NANCY DAOUD: Well, I mean, you bring up a very good point. My understanding is that all the pharmaceutical companies are working together to achieve the vaccine. So there isn't like this crazy competition. But, again, I'm not an insider, so I don't know.
But, look, whether it's a vaccine or a pharmaceutical company, the principles of investing are still the same. When you're buying a stock in a company, you're buying its financial status or its balance sheet. No matter how good their product is, no matter how good their vaccine is, if they can't run a business, it's a losing-- it's a losing proposition.
So let's, you know, make sure that we're grounded and we understand what we're doing. There's the support piece, which is the storage of this vaccine that requires minus 94 degrees-- that's going to be something to certainly look at-- and also the transportation and how we're going to get this vaccine out to the global community, not just the United States. Those are all things I'm watching for.
JEN ROGERS: I was watching shares today. Right now, we've got some big movers to the upside in the travel space, excitement over the vaccine, which you were just talking about. But also we're seeing some of the Home Depot and Lowe's names moving higher. And I know this is an area you've been thinking about and a lot of people have.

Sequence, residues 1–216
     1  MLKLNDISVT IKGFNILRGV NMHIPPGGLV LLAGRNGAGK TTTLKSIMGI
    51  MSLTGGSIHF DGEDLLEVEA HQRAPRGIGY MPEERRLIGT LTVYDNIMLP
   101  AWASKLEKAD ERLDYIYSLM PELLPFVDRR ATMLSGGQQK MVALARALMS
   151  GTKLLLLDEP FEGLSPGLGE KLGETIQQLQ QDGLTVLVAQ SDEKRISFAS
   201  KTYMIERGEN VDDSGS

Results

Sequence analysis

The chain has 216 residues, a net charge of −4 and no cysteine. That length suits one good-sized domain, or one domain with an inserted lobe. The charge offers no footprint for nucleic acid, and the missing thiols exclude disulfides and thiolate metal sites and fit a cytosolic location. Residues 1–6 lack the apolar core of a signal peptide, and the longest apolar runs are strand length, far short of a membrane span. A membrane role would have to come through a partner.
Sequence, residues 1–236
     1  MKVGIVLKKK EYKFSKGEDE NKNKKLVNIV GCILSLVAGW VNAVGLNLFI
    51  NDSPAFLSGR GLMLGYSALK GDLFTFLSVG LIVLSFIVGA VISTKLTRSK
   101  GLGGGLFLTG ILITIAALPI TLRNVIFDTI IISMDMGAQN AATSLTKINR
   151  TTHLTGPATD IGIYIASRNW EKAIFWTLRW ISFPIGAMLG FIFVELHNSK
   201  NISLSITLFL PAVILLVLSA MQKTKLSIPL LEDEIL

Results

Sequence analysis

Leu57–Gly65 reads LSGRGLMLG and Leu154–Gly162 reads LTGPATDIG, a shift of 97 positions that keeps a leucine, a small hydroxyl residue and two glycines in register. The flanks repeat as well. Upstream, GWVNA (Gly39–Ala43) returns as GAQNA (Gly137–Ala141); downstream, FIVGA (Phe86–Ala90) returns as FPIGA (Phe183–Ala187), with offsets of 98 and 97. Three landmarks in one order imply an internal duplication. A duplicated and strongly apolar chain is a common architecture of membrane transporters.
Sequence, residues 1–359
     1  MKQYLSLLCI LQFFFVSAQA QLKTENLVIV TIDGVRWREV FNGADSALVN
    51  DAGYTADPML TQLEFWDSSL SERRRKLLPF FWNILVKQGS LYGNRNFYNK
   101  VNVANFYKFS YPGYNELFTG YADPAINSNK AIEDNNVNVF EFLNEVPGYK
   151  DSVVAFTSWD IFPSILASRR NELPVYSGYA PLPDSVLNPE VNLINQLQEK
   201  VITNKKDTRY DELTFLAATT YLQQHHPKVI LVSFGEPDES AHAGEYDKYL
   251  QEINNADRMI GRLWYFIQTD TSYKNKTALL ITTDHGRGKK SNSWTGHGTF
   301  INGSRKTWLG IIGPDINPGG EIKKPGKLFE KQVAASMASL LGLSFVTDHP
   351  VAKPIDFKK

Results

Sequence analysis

Look, people have been at home. Look, retail-- we're talking about Black Friday today. It's not just about going out and buying a coat. I think some people also look at, all right, I'm going to go buy a refrigerator or a stove. How powerful a trade do you think this still is?
NANCY DAOUD: Well, I think that, although the pandemic has caused everybody to be at home and caused home improvements and modifications and everything to really flourish during this time, I believe that it will likely continue for a little bit longer or maybe forever because the world has changed. And we have to adjust to the new world that we're living in now.
Maybe remote work is going-- is here to stay. And we have yet to see because we're not past the pandemic yet. And we haven't really seen the effects of working from home. So far, it's been sort of an accommodation, but we don't know what the real, you know, the good, the bad, and the ugly of it is yet. And we have yet to find that out.
AKIKO FUJITA: Yeah, the last few weeks certainly a good lesson in that as we've seen the shift in how these infection rates have gone up. Nancy Daoud, advisor at Ameriprise Financial. It's good to talk to you today.
NANCY DAOUD: Thank you.